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Hough To hamstring, i.e., sever the "tendon of Achilles" of the hinder legs of captured horses (Jos 11:6; Sa2 8:4; Ch1 18:4), so as to render them useless.

Hour First found in Dan 3:6; Dan 4:19, Dan 4:33; Dan 5:5. It is the rendering of the Chaldee shaah, meaning a "moment," a "look." It is used in the New Testament frequently to denote some determinate season (Mat 8:13; Luk 12:39). With the ancient Hebrews the divisions of the day were "morning, evening, and noon-day" (Psa 55:17, etc.). The Greeks, following the Babylonians, divided the day into twelve hours. The Jews, during the Captivity, learned also from the Babylonians this method of dividing time. When Judea became subject to the Romans, the Jews adopted the Roman mode of reckoning time. The night was divided into four watches (Luk 12:38; Mat 14:25; Mat 13:25). Frequent allusion is also made to hours (Mat 25:13; Mat 26:40, etc.). (See DAY.) An hour was the twelfth part of the day, reckoning from sunrise to sunset, and consequently it perpetually varied in length.

House Till their sojourn in Egypt the Hebrews dwelt in tents. They then for the first time inhabited cities (Gen 47:3; Exo 12:7; Heb 11:9). From the earliest times the Assyrians and the Canaanites were builders of cities. The Hebrews after the Conquest took possession of the captured cities, and seem to have followed the methods of building that had been pursued by the Canaanites. Reference is made to the stone (Kg1 7:9; Isa 9:10) and marble (Ch1 29:2) used in building, and to the internal wood-work of the houses (Kg1 6:15; Kg1 7:2; Kg1 10:11, Kg1 10:12; Ch2 3:5; Jer 22:14). "Ceiled houses" were such as had beams inlaid in the walls to which wainscoting was fastened (Ezr 6:4; Jer 22:14; Hag 1:4). "Ivory houses" had the upper parts of the walls adorned with figures in stucco with gold and ivory (Kg1 22:39; Ch2 3:6; Psa 45:8). The roofs of the dwelling-houses were flat, and are often alluded to in Scripture (Sa2 11:2; Isa 22:1; Mat 24:17). Sometimes tents or booths were erected on them (Sa2 16:22). They were protected by parapets or low walls (Deu 22:8). On the house-tops grass sometimes grew (Pro 19:13; Pro 27:15; Psa 129:6, Psa 129:7). They were used, not only as places of recreation in the evening, but also sometimes as sleeping-places at night (Sa1 9:25, Sa1 9:26; Sa2 11:2; Sa2 16:22; Dan 4:29; Job 27:18; Pro 21:9), and as places of devotion (Jer 32:29; Jer 19:13).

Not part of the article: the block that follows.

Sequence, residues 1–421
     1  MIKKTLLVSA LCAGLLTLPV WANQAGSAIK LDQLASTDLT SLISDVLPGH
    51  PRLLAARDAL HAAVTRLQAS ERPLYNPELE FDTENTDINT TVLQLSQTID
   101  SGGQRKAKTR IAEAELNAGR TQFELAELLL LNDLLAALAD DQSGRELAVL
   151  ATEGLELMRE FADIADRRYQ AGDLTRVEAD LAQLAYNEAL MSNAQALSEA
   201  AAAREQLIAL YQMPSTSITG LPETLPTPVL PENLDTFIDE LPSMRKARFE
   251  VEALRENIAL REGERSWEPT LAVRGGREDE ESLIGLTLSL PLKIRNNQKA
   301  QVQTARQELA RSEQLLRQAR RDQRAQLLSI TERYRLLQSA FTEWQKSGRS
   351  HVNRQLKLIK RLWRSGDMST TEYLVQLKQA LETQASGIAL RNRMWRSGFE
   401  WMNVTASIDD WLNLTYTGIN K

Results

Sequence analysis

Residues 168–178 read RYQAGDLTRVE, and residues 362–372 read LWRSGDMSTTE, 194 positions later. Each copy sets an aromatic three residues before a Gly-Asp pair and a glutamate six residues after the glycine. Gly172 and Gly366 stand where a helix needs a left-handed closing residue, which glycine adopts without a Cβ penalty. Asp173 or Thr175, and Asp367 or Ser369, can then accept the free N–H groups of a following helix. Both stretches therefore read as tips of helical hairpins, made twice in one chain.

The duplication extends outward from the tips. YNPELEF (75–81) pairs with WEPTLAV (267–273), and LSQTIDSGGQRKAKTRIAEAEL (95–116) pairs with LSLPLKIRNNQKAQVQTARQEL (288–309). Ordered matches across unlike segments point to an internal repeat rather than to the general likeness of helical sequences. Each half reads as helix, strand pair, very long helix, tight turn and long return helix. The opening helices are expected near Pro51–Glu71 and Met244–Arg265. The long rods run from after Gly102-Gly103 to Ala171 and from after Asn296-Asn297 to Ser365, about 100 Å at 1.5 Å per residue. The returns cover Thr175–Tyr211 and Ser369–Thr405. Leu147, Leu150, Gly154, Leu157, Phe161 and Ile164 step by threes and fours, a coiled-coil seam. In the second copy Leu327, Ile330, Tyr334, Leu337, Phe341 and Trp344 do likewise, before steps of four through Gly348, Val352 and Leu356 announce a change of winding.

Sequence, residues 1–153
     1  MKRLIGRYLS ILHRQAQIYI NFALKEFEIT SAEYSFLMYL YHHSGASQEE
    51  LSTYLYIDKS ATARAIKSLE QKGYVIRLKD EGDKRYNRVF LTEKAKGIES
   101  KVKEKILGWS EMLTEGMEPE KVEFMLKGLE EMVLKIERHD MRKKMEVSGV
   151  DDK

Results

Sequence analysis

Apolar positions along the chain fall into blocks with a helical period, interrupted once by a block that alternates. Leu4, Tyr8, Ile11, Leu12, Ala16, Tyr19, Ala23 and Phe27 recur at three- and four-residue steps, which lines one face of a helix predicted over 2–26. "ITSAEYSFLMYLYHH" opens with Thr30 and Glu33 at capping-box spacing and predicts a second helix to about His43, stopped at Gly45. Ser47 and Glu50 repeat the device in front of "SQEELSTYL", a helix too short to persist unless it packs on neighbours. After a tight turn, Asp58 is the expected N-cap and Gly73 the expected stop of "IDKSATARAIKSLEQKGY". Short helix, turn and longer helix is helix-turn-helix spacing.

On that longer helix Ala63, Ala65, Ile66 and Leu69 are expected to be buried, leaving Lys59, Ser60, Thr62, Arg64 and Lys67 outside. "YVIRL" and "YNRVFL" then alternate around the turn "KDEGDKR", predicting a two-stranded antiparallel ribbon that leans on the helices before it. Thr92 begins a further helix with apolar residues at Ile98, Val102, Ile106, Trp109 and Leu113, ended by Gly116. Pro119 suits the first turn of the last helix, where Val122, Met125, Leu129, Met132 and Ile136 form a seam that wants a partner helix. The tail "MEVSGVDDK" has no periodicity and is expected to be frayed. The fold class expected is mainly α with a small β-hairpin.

Hukkok Decreed, a town near Zebulun, not far from Jordan, on the border of Naphtali (Jos 19:34). (See HELKATH.)

Hul Circle, the second son of Aram (Gen 10:23), and grandson of Shem.

Huldah Weasel, a prophetess; the wife of Shallum. She was consulted regarding the "book of the law" discovered by the high priest Hilkiah (Kg2 22:14; Ch2 34:22). She resided in that part of Jerusalem called the Mishneh (A.V., "the college;" R.V., "the second quarter"), supposed by some to be the suburb between the inner and the outer wall, the second or lower city, Akra. Miriam (Exo 15:20) and Deborah (Jdg 4:4) are the only others who bear the title of "prophetess," for the word in Isa 8:3 means only the prophet's wife.

Humiliation of Christ (Phi 2:8), seen in (1.) his birth (Gal 4:4; Luk 2:7; Joh 1:46; Heb 2:9), (2.) his circumstances, (3.) his reputation (Isa 53:1; Mat 26:59, Mat 26:67; Psa 22:6; Mat 26:68), (4.) his soul (Psa 22:1; Mat 4:1; Luk 22:44; Heb 2:17, Heb 2:18; Heb 4:15), (5.) his death (Luke 23; John 19; Mar 15:24, Mar 15:25), (6.) and his burial (Isa 53:9; Mat 27:57, Mat 27:58, Mat 27:60). His humiliation was necessary (1.) to execute the purpose of God (Act 2:23, Act 2:24; Psa 40:6), (2.) fulfill the Old Testament types and prophecies, (3.) satisfy the law in the room of the guilty (Isa 53:1; Heb 9:12, Heb 9:15), procure for them eternal redemption, (4.) and to show us an example.

Humility A prominent Christian grace (Rom 12:3; Rom 15:17, Rom 15:18; Co1 3:5; Co2 3:5; Phi 4:11). It is a state of mind well pleasing to God (Pe1 3:4); it preserves the soul in tranquillity (Psa 69:32, Psa 69:33), and makes us patient under trials (Job 1:22). Christ has set us an example of humility (Phi 2:6). We should be led thereto by a remembrance of our sins (Lam 3:39), and by the thought that it is the way to honour (Pro 16:18), and that the greatest promises are made to the humble (Psa 147:6; Isa 57:15; Isa 66:2; Pe1 5:5). It is a "great paradox in Christianity that it makes humility the avenue to glory."

Hunting Mentioned first in Gen 10:9 in connection with Nimrod. Esau was "a cunning hunter" (Gen 25:27). Hunting was practiced by the Hebrews after their settlement in the "Land of Promise" (Lev 17:15; Pro 12:27). The lion and other ravenous beasts were found in Palestine (Sa1 17:34; Sa2 23:20; Kg1 13:24; Eze 19:3), and it must have been necessary to hunt and destroy them. Various snares and gins were used in hunting (Psa 91:3; Amo 3:5; Sa2 23:20). War is referred to under the idea of hunting (Jer 16:16; Eze 32:30).

Hur A hole, as of a viper, etc. (1.) A son of Caleb (Ch1 2:19, Ch1 2:50; Ch1 4:1, Ch1 4:4; compare Ch2 1:5). (2.) The husband of Miriam, Moses' sister (Exo 17:10). He was associated with Aaron in charge of the people when Moses was absent on Sinai (Exo 24:14). He was probably of the tribe of Judah, and grandfather of Bezaleel (Exo 31:2; Exo 35:30; Ch1 2:19). (3.) One of the five princes of Midian who were defeated and slain by the Israelites under the command of Phinehas (Num 31:8).